The large crowd who had gathered around the green to follow both Scott and Woods in the following group were treated to something very special as the ball trickled forward and fell into the cup.
"It drew a little more than I wanted but a bit of luck goes a long way," said Scott. "I like how it affects the scorecard he added when he was asked to compare it with a hole in ones he has had. It is certainly one I will remember for a while. There were a lot of people out there and a lot of arms went up in the air. It was a good feeling."
Scott would go on to finish with a round of 3 under 69, a good solid start and is well placed to take advantage of hopefully good early morning conditions tomorrow as he chases his second Australian Open crown in three years.
Tiger Woods and Jason Day were playing in the group behind Scott and although both started slowly they began emerge as contenders through the turn. Day had the edge early on but and actually led Woods by one through 10 holes.
Woods was able to hold on best over the closing stages and after his round of 4 under 68, it was clear he was delighted with the manner in which he played.
"That was good today," said Woods after his round. "That was exactly how I have been hitting it at home and how I have told you guys. I was able to take it to the golf course today and under these conditions hit all the shots. I got away with a terrible golf shot but I managed to get it up and down.
"I tried to be as patient as I could today as I knew in the afternoon conditions not a lot of guys would be hitting it in the 60's. The wind switched directions a bit. You would think with this intensity it would stay the same but that was not the case."
While those players would provide enough copy on their own it was left to the man who is a walking headline, John Daly, to provide yet another chapter in Australian Open history. Three years ago he smashed the camera of a spectator into a tree and today, after losing the plot when "˜tin cupping' the 11th hole, he walked in.
Championship director Trevor Herden spoke to the press to clarify just what happened and what action is likely to be taken now.
"Apparently, he, (Daly), hit his driver off 10 and hit it in the bunker," said Herden. "There was another ball in the bunker which we believe might have been from the practice range. He has played a wrong ball out of the bunker. He came back and played the proper ball, his ball.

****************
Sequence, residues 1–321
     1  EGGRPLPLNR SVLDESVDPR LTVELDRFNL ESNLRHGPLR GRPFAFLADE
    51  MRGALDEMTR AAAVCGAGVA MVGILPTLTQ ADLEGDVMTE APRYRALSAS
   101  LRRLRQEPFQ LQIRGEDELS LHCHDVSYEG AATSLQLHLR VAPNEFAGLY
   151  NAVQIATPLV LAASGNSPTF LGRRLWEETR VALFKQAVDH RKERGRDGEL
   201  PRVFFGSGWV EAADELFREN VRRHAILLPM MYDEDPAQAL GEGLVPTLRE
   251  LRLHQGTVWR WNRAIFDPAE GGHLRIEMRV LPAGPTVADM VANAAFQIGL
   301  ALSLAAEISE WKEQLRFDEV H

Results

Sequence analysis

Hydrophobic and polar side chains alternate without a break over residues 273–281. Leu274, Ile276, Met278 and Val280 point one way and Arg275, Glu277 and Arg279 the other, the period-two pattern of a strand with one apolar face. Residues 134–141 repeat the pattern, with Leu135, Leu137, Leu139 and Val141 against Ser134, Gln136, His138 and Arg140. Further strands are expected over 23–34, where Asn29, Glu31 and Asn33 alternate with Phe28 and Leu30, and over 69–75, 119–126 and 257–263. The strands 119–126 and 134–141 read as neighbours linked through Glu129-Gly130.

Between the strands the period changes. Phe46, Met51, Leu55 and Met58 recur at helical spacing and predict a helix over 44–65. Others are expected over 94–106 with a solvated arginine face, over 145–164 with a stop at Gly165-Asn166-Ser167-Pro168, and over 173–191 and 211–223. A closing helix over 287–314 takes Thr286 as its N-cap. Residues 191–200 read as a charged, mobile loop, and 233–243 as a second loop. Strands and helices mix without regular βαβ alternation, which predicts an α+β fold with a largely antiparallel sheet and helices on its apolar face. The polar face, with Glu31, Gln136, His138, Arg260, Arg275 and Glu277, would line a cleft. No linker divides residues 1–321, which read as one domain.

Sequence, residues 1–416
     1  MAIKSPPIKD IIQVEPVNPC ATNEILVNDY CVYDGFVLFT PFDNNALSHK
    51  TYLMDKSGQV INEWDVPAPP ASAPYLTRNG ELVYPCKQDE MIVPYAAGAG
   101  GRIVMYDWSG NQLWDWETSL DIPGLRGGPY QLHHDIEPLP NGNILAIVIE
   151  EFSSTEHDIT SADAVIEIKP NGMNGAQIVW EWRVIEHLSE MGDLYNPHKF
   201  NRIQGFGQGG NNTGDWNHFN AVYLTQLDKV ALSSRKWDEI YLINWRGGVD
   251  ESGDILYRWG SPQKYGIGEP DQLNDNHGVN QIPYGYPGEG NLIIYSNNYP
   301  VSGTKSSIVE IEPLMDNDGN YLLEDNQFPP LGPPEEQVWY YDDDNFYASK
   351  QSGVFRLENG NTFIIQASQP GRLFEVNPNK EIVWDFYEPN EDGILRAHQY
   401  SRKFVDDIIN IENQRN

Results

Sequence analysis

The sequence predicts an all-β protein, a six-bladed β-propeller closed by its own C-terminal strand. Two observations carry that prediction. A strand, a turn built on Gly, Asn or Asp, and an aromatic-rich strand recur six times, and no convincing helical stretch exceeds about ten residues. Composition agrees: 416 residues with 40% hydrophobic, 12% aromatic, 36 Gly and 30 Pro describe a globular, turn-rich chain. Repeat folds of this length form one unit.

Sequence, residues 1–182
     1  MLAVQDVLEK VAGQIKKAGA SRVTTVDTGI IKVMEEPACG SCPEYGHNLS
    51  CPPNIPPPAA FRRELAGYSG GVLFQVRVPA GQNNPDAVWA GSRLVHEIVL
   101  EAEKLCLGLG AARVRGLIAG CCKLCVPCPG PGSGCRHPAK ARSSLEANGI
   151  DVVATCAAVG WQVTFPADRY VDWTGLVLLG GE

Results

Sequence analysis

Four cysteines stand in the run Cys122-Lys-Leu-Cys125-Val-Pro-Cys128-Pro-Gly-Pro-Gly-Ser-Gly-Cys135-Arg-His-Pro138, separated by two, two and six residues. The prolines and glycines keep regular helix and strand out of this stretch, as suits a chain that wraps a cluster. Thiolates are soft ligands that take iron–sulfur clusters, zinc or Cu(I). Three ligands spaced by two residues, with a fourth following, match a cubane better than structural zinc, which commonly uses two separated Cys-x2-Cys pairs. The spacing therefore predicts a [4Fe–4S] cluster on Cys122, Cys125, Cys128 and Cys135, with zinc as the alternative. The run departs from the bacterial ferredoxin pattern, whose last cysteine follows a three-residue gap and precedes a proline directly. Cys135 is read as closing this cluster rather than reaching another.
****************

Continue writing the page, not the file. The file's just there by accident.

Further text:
"Then I believe he went down 11 and hit five or six balls in the water. I'm not exactly sure (how many). He walked straight off the golf course with his son beside him, got in a courtesy car and went straight back to the hotel. It is very disappointing for the tournament.
"I am extremely bitter and disappointed that he has treated this championship this way. It is becoming a bit of a habit. Something similar happened last week or the week before. It is unacceptable and I certainly hope that all the Tours deal with it in the appropriate manner this time. We are definitely disappointed in that attitude and that behaviour. It is unprofessional."
In a statement released soon after CEO of the PGA of Australia Brian Thorburn said in part "This afternoon's actions by Daly in withdrawing from the course constitute a breach of the PGA Tour of Australasia's regulations and will be referred to the disciplinary committee as soon as practically possible.
"In view of that breach and a similar instance in Europe recently the PGA Tour of Australasia has withdrawn its offer to John Daly to play at the Australian PGA Championship."
As the day drew to a close it became apparent that those who had the early lead would not be caughtalthough one or two did their best to chase them down.
Woods finished at 4 under, Day at 3 under after a bogey at the last took the edge off an otherwise reasonable day, with the only player able to get close to the hot early moorning scoring being Watney
Watney has become one of the game's best players in the last two years and today reeled of five birdies in his last six holes to come from obscurity in terms of his place on the leaderboard to be just one behind Lyle.
When Watney bogeyed the 12th hole today he was floundering at just 1 under, but as you would inagine for such a classy player, just over an hour later, he had become potentially Lyle, Johnson and perhaps the field's greatest threat, especially given that he will play early tomorrow.
He was late finishing his round and kept the large media contingent on edge till late but when he finished it essentially was all over.
It had, after all, been a long and eventful day.